This website is an archive of the work of Marietje Schaake in the European Parliament between 2009 and 2019. Marietje can be reached at

Plenary speech on the situation in Albania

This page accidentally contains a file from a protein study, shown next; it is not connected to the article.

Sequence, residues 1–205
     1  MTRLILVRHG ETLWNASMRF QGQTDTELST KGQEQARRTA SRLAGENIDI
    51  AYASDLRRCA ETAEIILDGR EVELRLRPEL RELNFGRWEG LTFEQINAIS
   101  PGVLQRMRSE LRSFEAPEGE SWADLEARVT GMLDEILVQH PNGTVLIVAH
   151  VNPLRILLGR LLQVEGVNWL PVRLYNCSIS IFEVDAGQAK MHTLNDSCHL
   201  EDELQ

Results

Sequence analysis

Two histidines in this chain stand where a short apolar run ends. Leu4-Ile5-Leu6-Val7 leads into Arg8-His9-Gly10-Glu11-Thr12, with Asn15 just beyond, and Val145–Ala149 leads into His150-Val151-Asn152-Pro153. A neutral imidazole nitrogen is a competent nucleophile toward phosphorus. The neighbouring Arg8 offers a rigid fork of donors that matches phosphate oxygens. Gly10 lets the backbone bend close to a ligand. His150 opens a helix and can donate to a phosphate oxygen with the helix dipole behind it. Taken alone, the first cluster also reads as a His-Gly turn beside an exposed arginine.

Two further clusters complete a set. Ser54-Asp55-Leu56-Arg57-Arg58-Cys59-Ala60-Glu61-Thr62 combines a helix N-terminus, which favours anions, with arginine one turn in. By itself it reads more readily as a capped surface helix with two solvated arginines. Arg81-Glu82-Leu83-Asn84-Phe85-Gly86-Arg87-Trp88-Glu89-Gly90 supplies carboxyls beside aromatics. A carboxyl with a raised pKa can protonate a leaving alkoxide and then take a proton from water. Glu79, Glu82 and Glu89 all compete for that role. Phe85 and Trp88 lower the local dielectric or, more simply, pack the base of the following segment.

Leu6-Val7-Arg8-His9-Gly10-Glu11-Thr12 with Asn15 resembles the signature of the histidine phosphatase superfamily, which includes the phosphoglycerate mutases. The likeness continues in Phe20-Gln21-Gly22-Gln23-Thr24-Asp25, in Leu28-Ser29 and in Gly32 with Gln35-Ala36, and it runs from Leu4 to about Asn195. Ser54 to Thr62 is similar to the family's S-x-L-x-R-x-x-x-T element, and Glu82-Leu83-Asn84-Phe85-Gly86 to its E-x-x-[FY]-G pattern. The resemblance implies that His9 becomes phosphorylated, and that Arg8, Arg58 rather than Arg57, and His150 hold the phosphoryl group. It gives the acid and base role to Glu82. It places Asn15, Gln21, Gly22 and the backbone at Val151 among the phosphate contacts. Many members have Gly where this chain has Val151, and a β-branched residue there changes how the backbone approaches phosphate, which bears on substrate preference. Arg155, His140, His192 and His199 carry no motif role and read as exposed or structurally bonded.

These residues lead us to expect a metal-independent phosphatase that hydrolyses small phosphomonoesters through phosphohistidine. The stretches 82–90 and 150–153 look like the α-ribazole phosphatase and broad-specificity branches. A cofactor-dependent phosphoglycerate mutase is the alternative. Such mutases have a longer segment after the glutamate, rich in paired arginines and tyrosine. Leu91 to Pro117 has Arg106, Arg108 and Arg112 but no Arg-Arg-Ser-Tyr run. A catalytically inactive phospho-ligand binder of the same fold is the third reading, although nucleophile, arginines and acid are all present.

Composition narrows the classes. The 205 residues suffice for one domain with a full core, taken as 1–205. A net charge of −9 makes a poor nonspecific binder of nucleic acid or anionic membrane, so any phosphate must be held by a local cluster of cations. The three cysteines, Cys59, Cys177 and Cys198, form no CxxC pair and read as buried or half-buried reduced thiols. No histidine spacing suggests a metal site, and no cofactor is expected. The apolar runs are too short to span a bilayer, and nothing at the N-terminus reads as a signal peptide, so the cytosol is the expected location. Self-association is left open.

Mr President, I had a very interesting day today when it comes to Albania. I have spoken to the representatives of the two main political parties there. I asked both of them to share ideas on how to move the country forward and how to break the political stalemate to focus on problems affecting all citizens: fighting organised crime, ending corruption, creating employment and opportunities for the young generation. None of them was able to come up with an answer. The blame game seemed more important. It occurs to me that the political establishment in Albania is more concerned with itself than with its people. I do not have to tell you how difficult it is for us to convince our constituents to join us when we are making the case for EU enlargement. Despite resistance, the Alliance of Liberals and Democrats for Europe would like to see the Western Balkans become part of the territory of the European Union. We believe that the EU is a community of values which has left behind a divided past, choosing a united future. We must call on the Albanian authorities to do the same and not be suffocated by the shadows of the past, but to step into the light of the future. And let them not forget that it is their responsibility, first and foremost, to provide for the wellbeing of citizens and not to deny them a European future, because it is crystal clear that the political crisis hampers any and all progress. New elections will take place in May and the preparations are under way. They should be supported by all political parties. I welcome the suggestion that the EU should play an active role in ensuring that they are both free and fair. But democracy is a long process and it is certainly more than just ‘one man, one vote’. It requires democratic institutions, the rule of law and its strength is determined by respect for minorities. Democracy is not ‘winner takes all’. EU accession is a long journey which requires hard work and shared commitment, and the reforms Albania has made are best served by collaboration and continuing commitment to the EU process.